“Is Canvas a good game to bring to game night?”
Year Published 2021
Designer Jeff Chin, Andrew Nerger
Artist Luan Huynh
Publisher Road To Infamy Games
Age Range 14+
Playing Time 30 Minutes
Canvas is a set collection board game where players take on the role of painters competing in a grand art show. Over the course of the game, players will be creating three unique paintings by layering art cards and will earn "Best in Show" ribbons (points) based in the icons that are visible in their finished product.
Below you will find a brief summary of the game play along with our thoughts on whether or not Canvas is a good game to bring to your next game night get-together.
Please note: We do not intend this review to be a thorough explanation of the rules of a game or how to play. Rather, our reviews are aimed to provide you a basic overview of the game play along with our thoughts on how suitable a particular game is to bring to a game night with family or friends. If this is your first time reading an Instant Game Night review, please click here to read about our review format and rating system.
Players begin each game by placing a set of 4 scoring cards on the game mat. These scoring cards can be selected randomly or the rule book lists several suggested pairings depending upon the type of challenge your looking for. Each scoring card corresponds to a certain color of ribbon, which players will earn each time they meet the requirements. The requirements can be having your painting display all five colors or displaying 2 of a certain icon. There are a variety of scoring cards with many different requirements to make each game play a unique challenge.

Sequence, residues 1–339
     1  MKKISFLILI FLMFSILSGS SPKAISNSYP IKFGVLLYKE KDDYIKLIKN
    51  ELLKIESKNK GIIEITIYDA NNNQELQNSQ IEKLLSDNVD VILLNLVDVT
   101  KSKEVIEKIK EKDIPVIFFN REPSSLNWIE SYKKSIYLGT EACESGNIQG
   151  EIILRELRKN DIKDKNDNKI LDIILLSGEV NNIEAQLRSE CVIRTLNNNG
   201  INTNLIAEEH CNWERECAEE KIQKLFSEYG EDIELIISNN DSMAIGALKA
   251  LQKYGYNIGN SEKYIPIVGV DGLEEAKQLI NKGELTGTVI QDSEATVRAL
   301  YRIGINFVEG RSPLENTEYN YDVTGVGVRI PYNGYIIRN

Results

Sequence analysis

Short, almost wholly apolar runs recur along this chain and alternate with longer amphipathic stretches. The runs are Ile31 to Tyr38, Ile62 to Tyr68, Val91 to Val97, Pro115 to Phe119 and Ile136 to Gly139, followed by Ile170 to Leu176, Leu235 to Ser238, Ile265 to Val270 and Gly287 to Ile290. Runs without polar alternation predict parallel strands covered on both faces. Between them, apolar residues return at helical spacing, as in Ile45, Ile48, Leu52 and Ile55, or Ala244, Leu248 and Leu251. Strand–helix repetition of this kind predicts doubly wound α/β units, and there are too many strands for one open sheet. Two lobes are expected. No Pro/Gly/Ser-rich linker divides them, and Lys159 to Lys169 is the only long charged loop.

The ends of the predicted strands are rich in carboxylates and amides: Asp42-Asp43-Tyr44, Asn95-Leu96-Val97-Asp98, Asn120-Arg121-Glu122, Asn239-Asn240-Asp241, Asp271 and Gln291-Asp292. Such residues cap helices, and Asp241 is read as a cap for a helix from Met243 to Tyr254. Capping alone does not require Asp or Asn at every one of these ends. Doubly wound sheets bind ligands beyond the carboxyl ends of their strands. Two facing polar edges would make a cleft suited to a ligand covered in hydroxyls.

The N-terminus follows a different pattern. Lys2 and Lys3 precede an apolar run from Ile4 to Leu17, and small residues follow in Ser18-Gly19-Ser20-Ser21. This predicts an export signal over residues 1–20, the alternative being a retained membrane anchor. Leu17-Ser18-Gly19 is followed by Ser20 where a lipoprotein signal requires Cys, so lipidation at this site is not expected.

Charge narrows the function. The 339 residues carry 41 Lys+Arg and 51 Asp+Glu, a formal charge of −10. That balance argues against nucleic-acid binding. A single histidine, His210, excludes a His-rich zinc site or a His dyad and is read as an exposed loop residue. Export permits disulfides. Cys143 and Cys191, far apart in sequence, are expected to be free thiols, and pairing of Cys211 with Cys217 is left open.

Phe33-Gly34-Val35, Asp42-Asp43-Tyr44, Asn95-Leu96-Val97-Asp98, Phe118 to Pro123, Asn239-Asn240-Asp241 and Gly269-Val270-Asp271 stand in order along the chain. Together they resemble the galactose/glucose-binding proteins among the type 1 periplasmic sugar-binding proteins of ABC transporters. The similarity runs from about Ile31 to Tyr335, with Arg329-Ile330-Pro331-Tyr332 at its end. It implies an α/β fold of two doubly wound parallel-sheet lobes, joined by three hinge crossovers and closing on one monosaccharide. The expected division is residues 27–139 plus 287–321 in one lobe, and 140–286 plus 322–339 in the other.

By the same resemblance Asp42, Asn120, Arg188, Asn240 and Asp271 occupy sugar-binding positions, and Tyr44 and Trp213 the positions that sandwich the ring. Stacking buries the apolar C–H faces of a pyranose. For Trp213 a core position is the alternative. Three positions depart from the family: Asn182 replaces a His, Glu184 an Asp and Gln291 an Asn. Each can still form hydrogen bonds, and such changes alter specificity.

In addition to the scoring cards, players will also take 3 sleeved background cards along with 4 inspiration tokens. The game play can then commence.
Players will take turns performing exactly one of two possible actions:
Take an art card: On the game mat there will be 4 art cards on display. Players may choose the far left art card (furthest from the deck box) for free. However, if they would like to select a card further to the right, they may do so by placing one of their inspiration tokens on each card from left to right until they come to the card they wish to select. In either case, once the player has selected a card, the remaining cards slide to the left and a new card is drawn from the deck box. If a player selects an art card which already have inspiration tokens placed on it, that player also takes those tokens into their supply along with the art card. Players may have a maximum of 5 art cards in their hand, at which point they will no longer be able to take more art cards.
Complete a painting: Once a player has at least 3 art cards in their hands they may instead choose to complete a painting. To do this, the player will take exactly three art cards from their hand and "layer" them on top of one of their background cards in any way they desire. This will result in the creation of a unique piece of artwork with a fun title and various visible icons. Once the player has decided how to layer their cards, they place them inside the sleeve and show the other players their finished masterpiece. After completing a painting, a player will receive ribbons according to which requirements their painting met. It is possible for a player to earn all 5 colors of ribbons with one painting and it is equally possible to earn multiple ribbons of the same color. The player should openly show others which ribbons they are collecting and why.